# Does "$G$ contains no $K_n$" imply "$G$ is $n-$colorable"?

This question occurs to me while I was thinking about the Four Color Theorem and Five Color Theorem. If we can prove that "$$G$$ contains no $$K_n$$" (where $$K_n$$ is the complete graph with $$n$$ nodes) implies "$$G$$ is $$n-$$colorable," then we can show that any planar graph is $$5-$$colorable, as any planar graph contains no $$K_5$$.

I would assume that this question is already answered somewhere, but I couldn't find anything.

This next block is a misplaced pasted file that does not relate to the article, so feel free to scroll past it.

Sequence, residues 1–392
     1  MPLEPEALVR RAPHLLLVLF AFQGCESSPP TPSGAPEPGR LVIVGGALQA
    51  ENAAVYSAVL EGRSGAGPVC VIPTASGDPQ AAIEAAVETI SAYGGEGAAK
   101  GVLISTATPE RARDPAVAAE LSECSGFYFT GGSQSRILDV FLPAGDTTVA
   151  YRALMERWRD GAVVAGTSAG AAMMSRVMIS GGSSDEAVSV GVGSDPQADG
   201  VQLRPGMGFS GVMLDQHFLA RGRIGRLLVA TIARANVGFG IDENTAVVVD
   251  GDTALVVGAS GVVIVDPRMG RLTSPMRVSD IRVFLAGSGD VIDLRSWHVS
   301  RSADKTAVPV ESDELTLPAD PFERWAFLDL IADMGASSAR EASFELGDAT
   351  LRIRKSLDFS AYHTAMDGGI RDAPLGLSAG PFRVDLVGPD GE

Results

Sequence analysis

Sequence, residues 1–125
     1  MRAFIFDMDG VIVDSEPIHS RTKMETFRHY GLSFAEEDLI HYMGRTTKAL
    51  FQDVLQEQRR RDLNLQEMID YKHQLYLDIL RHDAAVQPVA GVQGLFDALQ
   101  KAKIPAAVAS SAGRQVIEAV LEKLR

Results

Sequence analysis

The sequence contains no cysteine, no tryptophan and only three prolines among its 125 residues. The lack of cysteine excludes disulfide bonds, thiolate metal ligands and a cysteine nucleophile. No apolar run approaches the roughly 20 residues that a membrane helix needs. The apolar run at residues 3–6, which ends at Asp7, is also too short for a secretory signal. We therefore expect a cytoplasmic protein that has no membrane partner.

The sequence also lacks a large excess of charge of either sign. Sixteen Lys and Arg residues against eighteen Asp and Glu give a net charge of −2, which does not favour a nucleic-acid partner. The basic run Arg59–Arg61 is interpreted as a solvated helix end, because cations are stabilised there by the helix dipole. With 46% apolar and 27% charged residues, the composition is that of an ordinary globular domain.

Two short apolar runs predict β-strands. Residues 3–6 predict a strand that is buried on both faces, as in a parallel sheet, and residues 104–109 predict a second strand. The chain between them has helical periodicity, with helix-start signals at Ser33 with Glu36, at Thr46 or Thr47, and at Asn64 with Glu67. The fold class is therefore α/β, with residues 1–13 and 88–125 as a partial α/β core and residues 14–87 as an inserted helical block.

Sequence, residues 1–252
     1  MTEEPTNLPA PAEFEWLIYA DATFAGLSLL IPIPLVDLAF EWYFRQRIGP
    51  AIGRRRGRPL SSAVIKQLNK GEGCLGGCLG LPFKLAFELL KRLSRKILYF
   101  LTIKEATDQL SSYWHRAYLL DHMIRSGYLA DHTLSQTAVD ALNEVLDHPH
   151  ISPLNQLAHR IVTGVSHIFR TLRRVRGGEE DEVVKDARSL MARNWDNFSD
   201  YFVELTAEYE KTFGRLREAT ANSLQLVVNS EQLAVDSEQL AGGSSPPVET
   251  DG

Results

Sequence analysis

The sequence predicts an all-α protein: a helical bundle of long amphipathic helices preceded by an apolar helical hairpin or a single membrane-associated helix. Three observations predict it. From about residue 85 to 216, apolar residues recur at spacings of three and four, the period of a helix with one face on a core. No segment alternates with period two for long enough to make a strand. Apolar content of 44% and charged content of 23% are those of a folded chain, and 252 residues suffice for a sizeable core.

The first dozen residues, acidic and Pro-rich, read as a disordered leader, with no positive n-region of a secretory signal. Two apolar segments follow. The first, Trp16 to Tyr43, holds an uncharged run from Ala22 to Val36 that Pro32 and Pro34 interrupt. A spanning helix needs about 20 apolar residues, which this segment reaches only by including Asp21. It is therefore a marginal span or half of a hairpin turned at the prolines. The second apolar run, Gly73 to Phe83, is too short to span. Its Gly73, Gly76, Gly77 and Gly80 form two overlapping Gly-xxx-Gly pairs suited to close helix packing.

Thanks for any help!

• For example, see the second question under "Related" to the right: math.stackexchange.com/questions/696164/… Jan 17, 2021 at 0:33
• For $n=3$ the smallest counterexample has $11$ vertices and is called the Grötzsch graph.
– bof
Jan 17, 2021 at 1:50
• Thank you both! They are very helpful :) Jan 17, 2021 at 1:57

The clique number $$\omega(G)$$ of a graph is the largest size of a clique in it. Your question is equivalent to asking whether $$\chi(G) \le \omega(G) + 1$$ where $$\chi(G)$$ is the chromatic number. Unfortunately this is known to be false: in particular, it's known that there exist triangle-free graphs (hence $$\omega(G) = 2$$) with arbitrarily large chromatic number; see, for example, here.
A variant of this problem where we ask for $$K_n$$ minors rather than $$K_n$$ subgraphs is apparently an open problem, the Hadwiger conjecture.